October 2014

Math Fluency Tools and Ideas

  • Posted on: 24 October 2014
  • By: Tina McCoy

If you are looking for more strategies and tools that will help you boost math fluency for your students, check out Intervention Central at http://www.interventioncentral.org/response-to-intervention. There you will find resources that can be used to promote math fluency with your students. You'll find ideas such as Cover-Copy-Compare (Math Facts), Student Self-Monitoring, and Incremental Rehearsal.  

Low Expectations vs. Unrealistic Expectations: Finding the Balance

  • Posted on: 23 October 2014
  • By: Tina McCoy

How can the needs of students with disabilities be addressed in ways that maximize growth? The trick is to determine what is both rigorous and realistic, given appropriate supports and services. Unfortunately the predominant culture of education today has some blind spots that make this task very challenging. In order to get past these obstacles, it is helpful to acknowledge them and then take conscious steps to work against them.

Math Fluency Matters

  • Posted on: 21 October 2014
  • By: Tina McCoy

Most educators know that poor math fluency has an adverse impact on students, but to what extent?  Well, math fluency has a profound impact on every student's ability to succeed in mathematics, not only in calculation skills but in all types of problem-solving and higher order mathematics that the student will encounter over the years. That begs the questions, 'What is meant by math fluency?' and 'What can we do to strengthen it?'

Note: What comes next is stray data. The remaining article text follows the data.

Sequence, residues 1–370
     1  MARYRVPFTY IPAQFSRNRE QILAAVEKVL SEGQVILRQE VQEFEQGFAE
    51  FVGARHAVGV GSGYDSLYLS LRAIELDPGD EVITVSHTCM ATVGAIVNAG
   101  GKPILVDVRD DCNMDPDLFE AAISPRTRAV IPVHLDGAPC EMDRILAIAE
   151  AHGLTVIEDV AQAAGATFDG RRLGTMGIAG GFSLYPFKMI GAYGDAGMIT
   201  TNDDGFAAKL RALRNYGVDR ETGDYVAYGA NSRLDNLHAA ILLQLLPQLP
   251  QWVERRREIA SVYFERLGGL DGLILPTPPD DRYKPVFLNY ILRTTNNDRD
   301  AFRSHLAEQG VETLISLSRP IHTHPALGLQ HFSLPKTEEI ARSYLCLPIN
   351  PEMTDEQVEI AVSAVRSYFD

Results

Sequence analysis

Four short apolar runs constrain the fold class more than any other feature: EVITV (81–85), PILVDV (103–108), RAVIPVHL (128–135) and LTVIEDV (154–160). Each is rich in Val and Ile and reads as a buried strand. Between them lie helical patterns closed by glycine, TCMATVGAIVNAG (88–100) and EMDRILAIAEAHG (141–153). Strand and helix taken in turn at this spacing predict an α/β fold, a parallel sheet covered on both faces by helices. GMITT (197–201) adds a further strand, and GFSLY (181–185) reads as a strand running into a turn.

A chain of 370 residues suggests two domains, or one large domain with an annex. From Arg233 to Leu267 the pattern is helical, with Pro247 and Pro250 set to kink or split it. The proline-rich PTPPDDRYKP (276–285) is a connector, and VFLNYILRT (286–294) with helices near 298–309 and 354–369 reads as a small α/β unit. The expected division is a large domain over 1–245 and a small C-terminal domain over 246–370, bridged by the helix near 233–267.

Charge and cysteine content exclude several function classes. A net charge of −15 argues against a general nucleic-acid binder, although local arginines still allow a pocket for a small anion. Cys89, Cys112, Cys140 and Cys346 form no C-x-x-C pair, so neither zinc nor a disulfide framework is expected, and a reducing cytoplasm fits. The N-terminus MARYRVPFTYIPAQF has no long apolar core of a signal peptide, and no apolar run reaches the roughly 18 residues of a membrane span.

Rethinking Professional Learning to Promote Real Changes in Practice

  • Posted on: 19 October 2014
  • By: Tina McCoy

Consider the time and money that has been spent on professional development for those within your organization. Have these investments resulted in tangible, consistent and sustainable improvements in your school system? Unfortunately, our traditional approach to professional development is does not bring about organizational learning. Most educational leaders, perhaps assuming there is no other viable option, unconsciously accept and perpetuate an ineffective approach to professional development.